A disease of ruminants which is the result of a failure to metabolise carbohydrate and volatile fatty acids, and characterised by high blood ketone and low blood glucose levels, and which is seen mainly in high producing dairy cattle in the first two months of lactation. All high yielding dairy cows are in a negative energy balance in early lactation and are, therefore, biochemically if not clinically ketotic.

This is biochemical ketosis can be readily made a clinical ketosis by relatively minor dietary or metabolic problems, when the demands for energy exceed that available from normal glucose and glycogen sources and liver gluceneogenesis results in a rise in ketone body formation which exceeds that normally tolerated.

Any increase in dietary protein intake will exacerbate the problem by using energy for its own metabolism and excretion. Many theories have been put forward in an attempt to find causal factors. The conclusions reached are that ruminal flora are important and abnormal ruminal conditions may play a part in the development of clinical ketosis and that silage is potentially more ketogenic than hay.

Ketosis is seen in dairy cattle especially during the winter housing period. The incidence in the UK is estimated to be between 1 and 5% of all dairy cows but the economic loss is probably underestimated because it is non-fatal, and there are production losses both during the disease itself and its effect on the subsequent yield in that lactation. The economic effect of subclinical ketosis may be almost as severe as that of the clinical disease.

In addition to the primary disease, ketosis may occur as a complication in some deficiency diseases, especially cobalt; and in other conditions where inappetence has resulted.


  •  The ‘wasting* form. A gradual reduction in appetite with selective anorexia (concentrates refused, roughage eaten) and a concomitant reduction in milk yield over several days.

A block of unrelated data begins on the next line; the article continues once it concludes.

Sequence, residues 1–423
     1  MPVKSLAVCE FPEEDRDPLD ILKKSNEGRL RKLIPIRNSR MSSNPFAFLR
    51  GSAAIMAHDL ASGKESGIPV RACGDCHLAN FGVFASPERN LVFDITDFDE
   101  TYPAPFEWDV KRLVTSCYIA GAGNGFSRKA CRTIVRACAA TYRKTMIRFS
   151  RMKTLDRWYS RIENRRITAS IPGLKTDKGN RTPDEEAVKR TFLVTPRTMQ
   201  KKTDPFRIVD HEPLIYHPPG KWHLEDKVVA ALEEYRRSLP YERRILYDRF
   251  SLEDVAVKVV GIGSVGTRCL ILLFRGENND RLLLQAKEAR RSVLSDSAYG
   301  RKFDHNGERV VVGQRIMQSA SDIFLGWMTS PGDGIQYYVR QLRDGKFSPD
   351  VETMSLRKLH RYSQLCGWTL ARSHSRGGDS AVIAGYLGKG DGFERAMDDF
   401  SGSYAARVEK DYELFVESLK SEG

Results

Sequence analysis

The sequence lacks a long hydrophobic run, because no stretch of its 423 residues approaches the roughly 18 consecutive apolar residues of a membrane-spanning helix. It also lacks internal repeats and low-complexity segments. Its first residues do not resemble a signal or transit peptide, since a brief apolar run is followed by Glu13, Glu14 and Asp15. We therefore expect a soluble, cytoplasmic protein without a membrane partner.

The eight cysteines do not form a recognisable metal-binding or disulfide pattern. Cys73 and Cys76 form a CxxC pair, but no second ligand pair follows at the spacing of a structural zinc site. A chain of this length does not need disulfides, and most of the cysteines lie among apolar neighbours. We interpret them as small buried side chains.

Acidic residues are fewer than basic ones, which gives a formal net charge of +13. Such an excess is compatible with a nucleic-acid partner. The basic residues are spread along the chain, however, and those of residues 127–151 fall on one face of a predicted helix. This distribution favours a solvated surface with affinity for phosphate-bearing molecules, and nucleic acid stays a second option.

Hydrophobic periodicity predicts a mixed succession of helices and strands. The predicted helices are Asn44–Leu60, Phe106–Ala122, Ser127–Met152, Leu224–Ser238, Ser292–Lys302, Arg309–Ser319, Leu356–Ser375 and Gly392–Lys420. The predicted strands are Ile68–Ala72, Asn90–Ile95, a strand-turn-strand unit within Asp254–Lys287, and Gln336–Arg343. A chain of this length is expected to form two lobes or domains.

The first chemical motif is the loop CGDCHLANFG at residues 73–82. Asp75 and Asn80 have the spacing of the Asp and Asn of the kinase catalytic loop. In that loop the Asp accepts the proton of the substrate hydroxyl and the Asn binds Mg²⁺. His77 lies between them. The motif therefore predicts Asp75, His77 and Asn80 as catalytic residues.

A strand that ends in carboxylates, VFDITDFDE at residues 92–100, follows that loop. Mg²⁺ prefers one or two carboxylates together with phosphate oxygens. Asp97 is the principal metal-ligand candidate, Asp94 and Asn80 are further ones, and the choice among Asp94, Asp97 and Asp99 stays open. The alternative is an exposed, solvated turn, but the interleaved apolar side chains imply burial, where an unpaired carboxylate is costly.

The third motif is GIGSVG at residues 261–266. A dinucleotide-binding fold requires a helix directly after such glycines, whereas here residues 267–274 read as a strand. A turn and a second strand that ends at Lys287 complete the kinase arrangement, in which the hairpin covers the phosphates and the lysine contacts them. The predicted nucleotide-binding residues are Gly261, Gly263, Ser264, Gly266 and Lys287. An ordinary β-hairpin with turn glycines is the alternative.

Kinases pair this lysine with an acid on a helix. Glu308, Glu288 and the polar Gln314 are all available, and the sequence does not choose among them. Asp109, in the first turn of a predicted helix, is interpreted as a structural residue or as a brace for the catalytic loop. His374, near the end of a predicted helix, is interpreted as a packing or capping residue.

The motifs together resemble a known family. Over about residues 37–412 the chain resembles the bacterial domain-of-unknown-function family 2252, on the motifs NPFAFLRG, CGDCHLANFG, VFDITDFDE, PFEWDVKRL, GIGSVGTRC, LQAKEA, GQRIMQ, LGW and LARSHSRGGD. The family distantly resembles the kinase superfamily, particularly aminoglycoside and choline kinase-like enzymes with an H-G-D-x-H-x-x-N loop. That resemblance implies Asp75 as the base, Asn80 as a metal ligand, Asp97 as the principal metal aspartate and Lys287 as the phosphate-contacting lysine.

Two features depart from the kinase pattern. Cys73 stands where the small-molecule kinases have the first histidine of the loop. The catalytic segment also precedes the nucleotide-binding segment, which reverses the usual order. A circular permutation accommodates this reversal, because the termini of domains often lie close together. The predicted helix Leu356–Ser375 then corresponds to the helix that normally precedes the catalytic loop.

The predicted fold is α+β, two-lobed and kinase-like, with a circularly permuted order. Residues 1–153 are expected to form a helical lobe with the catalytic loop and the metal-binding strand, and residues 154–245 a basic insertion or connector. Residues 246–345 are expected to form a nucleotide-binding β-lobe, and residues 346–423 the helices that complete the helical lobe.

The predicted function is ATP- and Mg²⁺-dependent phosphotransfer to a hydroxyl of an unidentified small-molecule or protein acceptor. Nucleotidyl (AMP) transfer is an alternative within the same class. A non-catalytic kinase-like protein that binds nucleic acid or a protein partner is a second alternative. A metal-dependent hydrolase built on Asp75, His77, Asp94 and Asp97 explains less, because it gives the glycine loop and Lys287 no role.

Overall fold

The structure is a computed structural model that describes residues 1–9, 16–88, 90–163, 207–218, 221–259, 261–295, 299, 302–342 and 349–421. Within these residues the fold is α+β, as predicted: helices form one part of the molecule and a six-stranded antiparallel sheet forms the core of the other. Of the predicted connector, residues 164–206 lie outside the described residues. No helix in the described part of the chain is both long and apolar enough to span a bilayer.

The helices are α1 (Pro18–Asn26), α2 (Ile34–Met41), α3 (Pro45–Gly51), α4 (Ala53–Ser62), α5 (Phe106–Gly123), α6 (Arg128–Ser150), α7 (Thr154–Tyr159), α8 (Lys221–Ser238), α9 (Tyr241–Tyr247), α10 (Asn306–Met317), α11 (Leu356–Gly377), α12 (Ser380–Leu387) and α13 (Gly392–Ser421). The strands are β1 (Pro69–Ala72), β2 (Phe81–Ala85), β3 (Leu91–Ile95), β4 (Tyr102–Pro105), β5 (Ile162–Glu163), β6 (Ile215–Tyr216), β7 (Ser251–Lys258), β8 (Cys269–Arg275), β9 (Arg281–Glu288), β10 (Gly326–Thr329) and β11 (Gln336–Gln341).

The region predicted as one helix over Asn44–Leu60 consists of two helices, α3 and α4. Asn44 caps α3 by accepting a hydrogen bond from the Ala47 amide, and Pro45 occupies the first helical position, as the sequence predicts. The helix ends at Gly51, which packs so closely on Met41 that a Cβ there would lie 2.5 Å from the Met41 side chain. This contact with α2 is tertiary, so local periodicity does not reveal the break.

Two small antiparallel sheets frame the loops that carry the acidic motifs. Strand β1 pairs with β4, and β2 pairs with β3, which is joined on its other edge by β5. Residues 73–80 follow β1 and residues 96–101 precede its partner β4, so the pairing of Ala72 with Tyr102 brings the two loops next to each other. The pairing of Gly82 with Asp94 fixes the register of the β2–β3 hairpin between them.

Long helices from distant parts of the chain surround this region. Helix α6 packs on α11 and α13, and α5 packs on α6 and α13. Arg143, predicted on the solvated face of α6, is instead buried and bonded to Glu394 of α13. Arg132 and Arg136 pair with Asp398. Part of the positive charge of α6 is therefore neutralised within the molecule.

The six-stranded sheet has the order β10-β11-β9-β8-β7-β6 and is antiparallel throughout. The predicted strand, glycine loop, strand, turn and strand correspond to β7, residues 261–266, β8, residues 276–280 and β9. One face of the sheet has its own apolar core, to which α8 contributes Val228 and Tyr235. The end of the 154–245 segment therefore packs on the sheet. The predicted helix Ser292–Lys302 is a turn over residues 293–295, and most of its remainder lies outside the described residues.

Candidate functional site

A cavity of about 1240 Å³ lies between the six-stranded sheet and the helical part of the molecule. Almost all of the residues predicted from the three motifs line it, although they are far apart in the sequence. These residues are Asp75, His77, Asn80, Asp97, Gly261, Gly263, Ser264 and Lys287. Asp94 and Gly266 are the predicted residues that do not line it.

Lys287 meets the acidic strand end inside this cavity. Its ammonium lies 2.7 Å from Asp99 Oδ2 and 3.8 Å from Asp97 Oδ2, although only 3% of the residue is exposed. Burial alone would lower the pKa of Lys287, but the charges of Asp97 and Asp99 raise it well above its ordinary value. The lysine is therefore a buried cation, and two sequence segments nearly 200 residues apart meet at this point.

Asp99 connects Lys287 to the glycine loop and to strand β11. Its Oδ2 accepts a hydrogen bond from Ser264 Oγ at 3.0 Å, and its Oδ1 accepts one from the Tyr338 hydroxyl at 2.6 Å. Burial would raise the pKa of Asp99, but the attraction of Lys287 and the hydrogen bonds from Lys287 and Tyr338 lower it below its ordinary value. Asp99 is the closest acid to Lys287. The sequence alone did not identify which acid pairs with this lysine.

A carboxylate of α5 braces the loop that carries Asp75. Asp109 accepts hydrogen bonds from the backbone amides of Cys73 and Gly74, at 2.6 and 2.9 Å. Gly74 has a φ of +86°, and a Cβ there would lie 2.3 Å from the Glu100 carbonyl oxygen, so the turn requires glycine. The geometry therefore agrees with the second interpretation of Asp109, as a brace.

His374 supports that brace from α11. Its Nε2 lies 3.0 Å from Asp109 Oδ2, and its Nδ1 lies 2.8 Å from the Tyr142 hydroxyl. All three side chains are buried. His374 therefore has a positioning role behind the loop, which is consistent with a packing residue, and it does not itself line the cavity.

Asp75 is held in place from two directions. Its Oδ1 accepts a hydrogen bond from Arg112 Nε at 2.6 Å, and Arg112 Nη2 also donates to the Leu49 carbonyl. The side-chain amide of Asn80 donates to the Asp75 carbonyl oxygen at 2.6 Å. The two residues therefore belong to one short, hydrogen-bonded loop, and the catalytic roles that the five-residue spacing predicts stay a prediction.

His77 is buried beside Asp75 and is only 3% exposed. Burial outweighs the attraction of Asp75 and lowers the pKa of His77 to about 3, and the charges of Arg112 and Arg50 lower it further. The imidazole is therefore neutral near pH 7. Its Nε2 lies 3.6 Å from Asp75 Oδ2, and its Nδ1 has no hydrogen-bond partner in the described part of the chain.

• Weight loss may be quite dramatic over this period.
  • Faeces are firm and dry, ruminal movements are reduced in frequency and intensity, and the cow appears depressed.
  • Temperature, cardiovascular and respiratory parameters are all within the normal range.
  • There is a smell of ketosis in the breath and in the urine.
  • Sometimes the appetite becomes depraved and occasionally transient nervous signs (usually staggering) are seen.
  • The wasting form will recover spontaneously without treatment but as this takes about 4 weeks the production losses are great and animals are treated as a matter of course.
  • The nervous form The nervous signs are bizarre and of sudden onset, often occurring between periods of apparent normality.
  • The cow appears delirious, walks in circles, crosses her legs, leans on objects and has licking and chewing mamas either involving herself or adjacent inanimate objects and can often be seen chewing concrete steps or tubular cubicle divisions.
  • They also have a depraved appetite, make chewing movements and salivate profusely, become hyperaesthetic and very noisy when stimulated.
  • Self-inflicted trauma is not uncommon in the nervous form of the disease.


Clinical signs and history, together with the exclusion of other conditions to which the ketosis might be secondary, e.g. left displacement of the abomasum are usually adequate. Blood tests can be useful.


Intravenous glucose produces a rapid response in all cases and is essential in nervouscases, but unless repeated most cases will relapse. Oral glucogenic agents may be given e.g. propylene glycol or glycerine especially to the wasting* cases but ‘nervous* cases should be maintained on intravenous glucose until the nervous signs disappear.

Corticosteroids are of great value in maintaining the immediate response following intravenous glucose by stimulating gluconeogenesis, betamethasone and dexamethasone being the steroids of choice.


  • Cows should be in the right condition at calving size - a body score of 3 to 3.5 is ideal. 
  • Cows should not be steamed up, but fed once lactating at a slightly higher level than production, so called "lead feeding".
  • Good quality roughage should be fed and the protein content of the concentrate ration should not exceed 18%.

Use of the information/advice in this guide is at your own risk. The Farmow and its employees do not warrant or make any representation regarding the use, or results of the use, of the information contained herein as regards to its correctness, accuracy, reliability, currency or otherwise. The entire risk of the implementation of the information/ advice which has been provided to you is assumed by you. All liability or responsibility to any person using the information/advice is expressly disclaimed by the Farmow and its employees.